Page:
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Detection of bovine carriers of Leptospira by serological, bacteriological, and molecular tools

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Bovine leptospirosis is an important infectious disease that causes reproductive problems and economic risks, particularly in the tropics. The present study aimed to determine the extent of Leptospira infection among bovines on a slaughterhouse from Rio de Janeiro, Brazil via serological, bacteriological, and molecular tests. Two hundred eight bovines were examined in total, and we obtained 208 blood samples for serology, 198 urine samples collected via direct bladder puncture for polymerase chain reaction (PCR) and culture, 208 kidney samples (one from each animal) for PCR and culture, and 92 vaginal fluid samples from sterile swabs for PCR and culture. Serology demonstrated that 77/208 (37%) of the animals presented anti-Leptospira antibodies. Serogroup Sejroe was by far the most common. One hundrd thirty-three animals (63.9%) were PCR positive in at least one of the tested samples and were considered as Leptospira carriers. Furthermore, ten isolates were obtained by pure culture, all of them from urine samples. Bovine leptospirosis is widely prevalent, and the occurrence of renal carriers was unexpectedly much higher than generally reported.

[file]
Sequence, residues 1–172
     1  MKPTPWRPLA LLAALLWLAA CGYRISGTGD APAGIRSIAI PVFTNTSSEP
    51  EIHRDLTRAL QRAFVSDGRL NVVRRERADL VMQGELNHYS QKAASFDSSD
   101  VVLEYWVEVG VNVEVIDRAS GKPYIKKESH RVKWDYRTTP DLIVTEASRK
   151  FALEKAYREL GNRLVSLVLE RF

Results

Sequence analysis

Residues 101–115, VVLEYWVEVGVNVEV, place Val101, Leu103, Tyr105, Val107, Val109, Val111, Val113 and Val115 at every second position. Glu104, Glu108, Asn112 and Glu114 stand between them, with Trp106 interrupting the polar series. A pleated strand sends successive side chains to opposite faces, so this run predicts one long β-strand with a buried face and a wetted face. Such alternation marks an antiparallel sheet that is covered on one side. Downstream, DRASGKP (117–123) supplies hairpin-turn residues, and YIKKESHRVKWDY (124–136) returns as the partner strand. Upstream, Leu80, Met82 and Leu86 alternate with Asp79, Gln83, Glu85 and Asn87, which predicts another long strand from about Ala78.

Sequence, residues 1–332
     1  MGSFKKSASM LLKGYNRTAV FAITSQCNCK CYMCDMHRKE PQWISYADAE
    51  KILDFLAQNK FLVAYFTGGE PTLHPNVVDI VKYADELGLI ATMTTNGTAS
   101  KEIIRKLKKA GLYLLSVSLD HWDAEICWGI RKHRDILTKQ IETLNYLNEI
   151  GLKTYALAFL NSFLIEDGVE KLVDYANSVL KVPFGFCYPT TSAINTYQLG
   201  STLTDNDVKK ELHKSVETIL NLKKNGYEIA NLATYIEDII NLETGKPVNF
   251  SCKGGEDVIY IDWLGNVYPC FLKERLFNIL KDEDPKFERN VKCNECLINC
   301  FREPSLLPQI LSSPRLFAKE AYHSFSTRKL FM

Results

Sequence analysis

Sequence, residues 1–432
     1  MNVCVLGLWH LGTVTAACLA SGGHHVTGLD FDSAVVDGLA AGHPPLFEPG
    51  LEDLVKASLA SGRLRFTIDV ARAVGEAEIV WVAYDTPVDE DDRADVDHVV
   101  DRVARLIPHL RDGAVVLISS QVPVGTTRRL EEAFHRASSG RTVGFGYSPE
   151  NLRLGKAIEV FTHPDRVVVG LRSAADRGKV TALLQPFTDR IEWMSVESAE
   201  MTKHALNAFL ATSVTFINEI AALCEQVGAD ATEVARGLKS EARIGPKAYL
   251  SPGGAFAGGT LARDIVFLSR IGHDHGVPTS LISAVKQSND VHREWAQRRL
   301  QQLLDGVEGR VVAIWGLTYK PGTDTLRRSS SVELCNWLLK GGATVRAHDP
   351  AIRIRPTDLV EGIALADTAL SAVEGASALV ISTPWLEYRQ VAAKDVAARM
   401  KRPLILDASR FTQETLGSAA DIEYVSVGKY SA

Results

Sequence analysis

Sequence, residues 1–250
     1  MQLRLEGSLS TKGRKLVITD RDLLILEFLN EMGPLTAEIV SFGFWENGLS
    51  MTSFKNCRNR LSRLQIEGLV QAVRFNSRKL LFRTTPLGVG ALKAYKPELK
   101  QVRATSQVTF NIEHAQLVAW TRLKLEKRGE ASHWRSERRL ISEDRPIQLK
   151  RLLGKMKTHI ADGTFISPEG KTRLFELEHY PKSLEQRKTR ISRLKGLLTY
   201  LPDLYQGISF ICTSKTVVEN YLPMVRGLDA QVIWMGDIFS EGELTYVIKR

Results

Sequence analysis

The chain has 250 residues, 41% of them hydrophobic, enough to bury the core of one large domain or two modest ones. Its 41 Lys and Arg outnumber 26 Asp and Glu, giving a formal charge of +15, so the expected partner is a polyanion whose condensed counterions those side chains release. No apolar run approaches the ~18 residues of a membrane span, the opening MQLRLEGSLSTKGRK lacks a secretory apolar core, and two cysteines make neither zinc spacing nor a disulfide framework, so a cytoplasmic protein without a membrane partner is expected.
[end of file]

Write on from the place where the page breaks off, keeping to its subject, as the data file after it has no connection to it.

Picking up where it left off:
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The authors are thankful to Camila Hamond, Professor Bruno Penna (UFF), and Sabrina Thomé for their assistance. This study was supported by Fundação de Amparo à Pesquisa do Estado do Rio de Janeiro (FAPERJ), Conselho Nacional de Desenvolvimento Científico e Tecnológico (CNPq), and Coordenação de Aperfeiçoamento de Pessoal de Nível Superior (CAPES). Walter Lilenbaum is CNPq fellows.

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Correspondence to Melissa H. Pinna.

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Pinna, M.H., Martins, G., Loureiro, A.P. et al. Detection of bovine carriers of Leptospira by serological, bacteriological, and molecular tools. Trop Anim Health Prod 50, 883–888 (2018). https://doi.org/10.1007/s11250-018-1512-z

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  • Leptospirosis
  • Diagnostic
  • Slaughtered
  • PCR
  • Isolation